- The furry fandom branched off from the Sci-Fi convention circuit during the 1980s and, with the growth of the internet, the fandom has continued to grow.
(crowd murmuring) - I don't think it's a bad thing that the furry fandom has a reputation that makes vulnerable people wanna be a part of the group.
Word gets out.
I think the fandom may grow in that way, in that way as well.
- Now, furries across the world yap, yowl, and squeak about all their favorite anthropomorphic animals.
Both online via social media and in-person at conventions.
I've even befriended many furries in the virtual reality spaces I've been exploring for Subcultured.
Well, I guess I wanted to start talking about how you knew that you are a furry.
How did you discover the world and then how did you know that you were, wanted to be a part of it?
- I actually was furry before I knew about the furry fandom.
We end up creating our own characters, sort of role-playing as them, and then we find out, "Hey, there's a bigger community out there."
- What are the biggest misconceptions that you think the public has about furries?
- A lot of people think furry is about fetishes.
- Furries actually think that other furries are more into the sexual components and the pornographic components of the furry fandom than they actually are.
- I do wanna make sure that we correct misconceptions that are commonly held.
So if that is a big misconception, that people kind of overestimate the amount of sex in the furry fandom, then I think that's important to know.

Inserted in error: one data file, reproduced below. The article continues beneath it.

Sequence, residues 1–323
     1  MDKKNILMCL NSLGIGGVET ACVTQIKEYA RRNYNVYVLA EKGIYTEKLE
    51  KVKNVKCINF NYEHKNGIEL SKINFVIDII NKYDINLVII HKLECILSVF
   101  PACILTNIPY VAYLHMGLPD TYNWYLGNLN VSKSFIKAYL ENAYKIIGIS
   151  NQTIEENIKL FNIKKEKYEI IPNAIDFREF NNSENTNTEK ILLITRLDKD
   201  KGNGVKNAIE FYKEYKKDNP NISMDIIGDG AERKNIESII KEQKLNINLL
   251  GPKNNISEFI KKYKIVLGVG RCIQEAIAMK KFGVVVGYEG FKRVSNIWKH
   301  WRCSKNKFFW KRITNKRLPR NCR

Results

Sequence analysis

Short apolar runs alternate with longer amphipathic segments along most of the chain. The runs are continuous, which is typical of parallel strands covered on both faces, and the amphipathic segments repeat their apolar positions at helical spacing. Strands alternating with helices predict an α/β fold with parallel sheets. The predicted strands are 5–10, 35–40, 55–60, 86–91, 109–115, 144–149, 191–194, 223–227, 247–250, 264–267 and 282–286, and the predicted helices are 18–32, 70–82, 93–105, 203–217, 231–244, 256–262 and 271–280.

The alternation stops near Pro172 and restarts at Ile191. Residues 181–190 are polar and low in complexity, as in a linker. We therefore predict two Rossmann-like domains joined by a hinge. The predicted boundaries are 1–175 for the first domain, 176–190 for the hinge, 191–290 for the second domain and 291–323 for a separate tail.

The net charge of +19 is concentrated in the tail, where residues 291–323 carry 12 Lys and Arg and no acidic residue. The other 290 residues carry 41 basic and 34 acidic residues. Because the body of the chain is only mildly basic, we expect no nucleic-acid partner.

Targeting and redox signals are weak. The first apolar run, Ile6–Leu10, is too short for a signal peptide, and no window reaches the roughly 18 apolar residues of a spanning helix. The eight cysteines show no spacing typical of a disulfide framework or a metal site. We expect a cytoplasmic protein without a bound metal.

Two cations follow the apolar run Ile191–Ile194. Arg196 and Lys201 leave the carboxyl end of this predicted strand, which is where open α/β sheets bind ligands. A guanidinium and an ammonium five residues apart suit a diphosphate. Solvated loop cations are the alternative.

- Some of these factors get a lot of attention in the media.
I'm not, you know, I'm not saying, suggesting that that's not a thing that, that it never happens but the people that we've studied, and we have studied over 40,000 furries from 70 different countries, so, you know, can you find instances of it?
Sure, and what happens between consenting adults is consenting adults' business.
- [Josef] Yeah.
- But I, that does not represent the vast majority of the fandom.
- It's possible that this misconception of furries has come from early portrayals of the fandom in media.
For example, in 2001, Vanity Fair published an article that focused on the sexual aspects of the furry community.
A few years later, a popular CSI episode called, "Fur and Loathing," was released that portrayed a group of furries in a sex scene.
Today, furries are negatively stigmatized by the public and they face threats of violence online.
(calm music) Furries have been targeted by anti-furry groups that harass them.
It's not hard to find furry hate pages on social media and posters on sites like 4chan and Something Awful have organized trolling efforts against furries.
Furries face danger in-person too.
In 2014, a suspected chlorine gas attack sent 19 Midwest FurFest attendees to the hospital.